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Study Finds That Work Strategies Yield Profits

But critics call innovations fads

By Eric MoskowitzSpecial to The Christian Science Monitor / June 13, 1995



NEW YORK

THE "21" Club is a perfect sanctuary for back-room politics. One can fade into the club's dimly lit old-world charm to consummate deals and patch up alliances. That's why it seems an unlikely choice for a press conference on results of a study on progressive management techniques in the workplace.

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At the Labor Department's request, the study was conducted by Ernst & Young LLP and Harvard University and Wharton School of Business researchers. It concludes that companies that invest in retraining workers and implementing innovative workplace strategies will garner higher productivity and profits.

Labor Secretary Robert Reich calls the two-year, $36,000 project "path breaking" because it proves companies succeed by treating employees as assets rather than looking to them for layoffs when it's time to trim costs. "The old ways of doing business, using top-down theories and the economics of scale, are no longer applicable," he says. "This study gives us concrete results, for the first time, that workplace strategies like Total Quality Management, Just-In-Time inventory management, and retraining employees work."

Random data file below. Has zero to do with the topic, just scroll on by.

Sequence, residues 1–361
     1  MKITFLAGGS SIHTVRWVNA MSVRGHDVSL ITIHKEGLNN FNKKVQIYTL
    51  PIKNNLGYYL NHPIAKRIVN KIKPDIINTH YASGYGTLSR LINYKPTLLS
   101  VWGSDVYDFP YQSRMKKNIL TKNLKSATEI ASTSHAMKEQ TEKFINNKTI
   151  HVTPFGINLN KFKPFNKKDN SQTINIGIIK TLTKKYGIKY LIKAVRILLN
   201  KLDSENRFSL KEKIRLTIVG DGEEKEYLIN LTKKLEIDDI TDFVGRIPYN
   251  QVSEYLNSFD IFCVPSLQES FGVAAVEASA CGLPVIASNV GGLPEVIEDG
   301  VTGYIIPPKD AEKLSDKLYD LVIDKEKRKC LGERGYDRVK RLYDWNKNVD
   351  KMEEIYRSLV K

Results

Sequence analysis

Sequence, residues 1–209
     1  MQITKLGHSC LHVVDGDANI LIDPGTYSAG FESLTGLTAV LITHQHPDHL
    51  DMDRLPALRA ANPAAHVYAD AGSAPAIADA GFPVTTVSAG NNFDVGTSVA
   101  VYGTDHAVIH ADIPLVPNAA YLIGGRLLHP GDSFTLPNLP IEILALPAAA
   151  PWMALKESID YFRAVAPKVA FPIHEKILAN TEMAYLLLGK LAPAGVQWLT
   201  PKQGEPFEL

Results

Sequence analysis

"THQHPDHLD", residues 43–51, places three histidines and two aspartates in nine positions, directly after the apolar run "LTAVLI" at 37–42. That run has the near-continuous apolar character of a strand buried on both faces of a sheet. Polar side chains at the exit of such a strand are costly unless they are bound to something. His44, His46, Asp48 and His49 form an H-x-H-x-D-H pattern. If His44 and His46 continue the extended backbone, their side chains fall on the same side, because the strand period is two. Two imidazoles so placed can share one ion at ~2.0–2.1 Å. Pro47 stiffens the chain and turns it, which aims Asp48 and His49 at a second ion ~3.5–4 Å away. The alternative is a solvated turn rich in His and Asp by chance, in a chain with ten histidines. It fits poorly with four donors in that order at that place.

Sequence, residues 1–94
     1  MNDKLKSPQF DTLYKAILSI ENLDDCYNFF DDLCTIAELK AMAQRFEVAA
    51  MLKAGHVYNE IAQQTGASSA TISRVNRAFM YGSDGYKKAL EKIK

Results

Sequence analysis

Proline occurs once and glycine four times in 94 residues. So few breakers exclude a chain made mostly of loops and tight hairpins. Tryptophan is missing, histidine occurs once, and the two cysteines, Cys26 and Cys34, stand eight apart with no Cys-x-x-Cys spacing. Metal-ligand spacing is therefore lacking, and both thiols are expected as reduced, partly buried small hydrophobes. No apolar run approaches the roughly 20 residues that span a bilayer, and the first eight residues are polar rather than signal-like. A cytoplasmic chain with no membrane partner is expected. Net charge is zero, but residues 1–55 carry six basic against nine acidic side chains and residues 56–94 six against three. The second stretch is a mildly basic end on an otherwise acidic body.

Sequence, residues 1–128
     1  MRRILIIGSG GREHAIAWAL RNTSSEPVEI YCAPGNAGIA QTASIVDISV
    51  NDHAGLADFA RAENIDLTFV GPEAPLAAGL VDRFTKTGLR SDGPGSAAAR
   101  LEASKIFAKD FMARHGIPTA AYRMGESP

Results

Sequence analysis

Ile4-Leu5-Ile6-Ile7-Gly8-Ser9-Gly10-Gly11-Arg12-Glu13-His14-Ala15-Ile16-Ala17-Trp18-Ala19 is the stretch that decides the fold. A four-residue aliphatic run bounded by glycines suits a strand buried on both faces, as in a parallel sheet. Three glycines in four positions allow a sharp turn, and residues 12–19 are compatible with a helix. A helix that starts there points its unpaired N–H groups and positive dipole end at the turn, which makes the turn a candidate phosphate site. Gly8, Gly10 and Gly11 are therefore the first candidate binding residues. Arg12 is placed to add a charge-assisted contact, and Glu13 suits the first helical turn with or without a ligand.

Companies use TQM to give workers more say in the manufacturing process and JIT to have parts available at the most opportune time.

Reich will use the study to complement President Clinton's push for "high performance" workplaces and to rebut complaints from groups claiming studies are unnecessary. One group is Citizens Against Government Waste. "Studies on TQM have been done to death. Everyone knows it works," says spokeswoman Leslie Paige.

Critics call the techniques praised in the report fads and claim they don't always lead to higher productivity. One survey shows that 80 percent of British firms see no gain from using TQM; another tabulates that two-thirds of American executives report no competitive gain from their investment in quality management.

But Terrence Ozan of Ernst & Young maintains that implementing "a rapid and continuous innovation of a company's workplace will ... lead to more markets, more products, and more jobs."

Motorola is getting a positive return on its investment; it earns $30 for every dollar spent in training. Edy's Grand Ice Cream claims its employee-empowerment program is responsible for an 830 percent increase in sales, and Xerox Corporation says employee involvement in production and research and development helped slash manufacturing costs by 30 percent.

Sarah Mavrinac, an Ernst & Young researcher, estimates that if the Business Week 1000 companies were to use similar workplace practices to improve customer satisfaction, they would each see a sales return of $94 million.